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How Does SEBI's Multi-Cap Funds Restructuring Directive Impact Us?

It's a blessing for Small-Cap investors. The Small-Cap universe was under-performing since 2018, with some good uptick seen after the Covid crash. This would add even more exuberance, as focus would return to Small-Caps from the mutual fund industry after being shunned for nearly 2 years. Long term retail investors who were reeling negative returns finally can see some light ahead. Fresh liquidity in these counters could lead to a pyramid-ing, with the robin hood traders finding a new vogue. Valuation re-rating for Small-Caps is expected.

For the fund managers and Large-Cap investors though, it's a headache. This latest change in rule has a wide reaching impact in the world of equity markets. Why? To understand that, we need to look at the AUM of Multi-Cap funds, which stands at 1.46 lakh crore rupees as of 31st August data from AMFI. This is second only to the Large-Cap funds which stands at 1.49 lakh crore. It's neck to neck between these categories. It's evident that Multi-Cap is a heavily invested category, hence a restructuring of it would increase the turnover and volatility in the markets. Most funds in the category have a higher exposure to Large-Cap with >70% on average. While, Small-Cap exposure is quite low, <10% on average. To adhere to the minimum 25% exposure to Large, Mid and Small Cap, they have to raise the allocation from <10% to 25%, which translates to 15% of the AUM or more. This means a potential restructuring(Buying) in Small-Cap in tune of 20k Crores or more. Not just that, to achieve the restructuring, the funds have to prune their Large-Cap holdings to 50% or less, translating to 30k Crores or more(Selling) . Needless to say, it has a high impact.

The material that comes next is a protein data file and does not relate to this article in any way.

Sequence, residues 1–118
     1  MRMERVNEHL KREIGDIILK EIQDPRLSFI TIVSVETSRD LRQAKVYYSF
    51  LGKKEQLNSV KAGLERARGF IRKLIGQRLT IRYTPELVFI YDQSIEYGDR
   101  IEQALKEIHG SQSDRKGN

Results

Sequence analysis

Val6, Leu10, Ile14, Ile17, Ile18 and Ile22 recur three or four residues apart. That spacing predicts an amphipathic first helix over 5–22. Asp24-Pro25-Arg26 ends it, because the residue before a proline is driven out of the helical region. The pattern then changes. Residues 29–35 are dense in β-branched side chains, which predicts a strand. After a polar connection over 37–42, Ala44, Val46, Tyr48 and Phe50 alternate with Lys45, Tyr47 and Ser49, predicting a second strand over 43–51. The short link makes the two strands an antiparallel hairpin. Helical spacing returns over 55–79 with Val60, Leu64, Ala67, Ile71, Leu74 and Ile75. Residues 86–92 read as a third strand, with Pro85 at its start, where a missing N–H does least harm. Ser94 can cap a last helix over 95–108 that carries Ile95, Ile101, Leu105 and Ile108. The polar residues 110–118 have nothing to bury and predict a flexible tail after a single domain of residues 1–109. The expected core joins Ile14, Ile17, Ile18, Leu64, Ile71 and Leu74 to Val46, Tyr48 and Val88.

No wonder the fund managers are jittery at this proposal. They have to find high quality Small-Caps that have the liquidity to support such kind of buying. Small-Caps are highly illiquid and with mandated buying, the funds would not find fair value for these stocks and have to shell out a premium. Surely not a happy position to be in. Considering the Pandemic we are in, it is not easy to weigh the potential of Small-Caps also. Safety would be their biggest concern because the economists all over have observed that, it is the small companies which lack deep pockets, will undergo huge stress and recovery could take time. As a fund manager, you wouldn't want to buy a Small-Cap for the sake of restructuring, only to see it battered by poor economic conditions and lose entire value of the investment. Increasing exposure will surely downgrade the risk meter of the funds hugely. The volatility in the fund's NAV will become difficult to digest for some investors who would have invested in these funds by seeing a larger exposure to Large-Cap and limited small cap exposure which can help in out-performance. With the restructuring, these funds suddenly become too risky for investors with moderate risk profiles, ultimately forcing the retail investors to do their own restructuring of mutual fund portfolio by switching to Large Cap funds! So the impact is not just a fund level restructuring, but a retailer restructuring as well. This is an additional headache for the fund managers, because there is potential of some redemption in Multi-Cap funds, which cannot be predicted.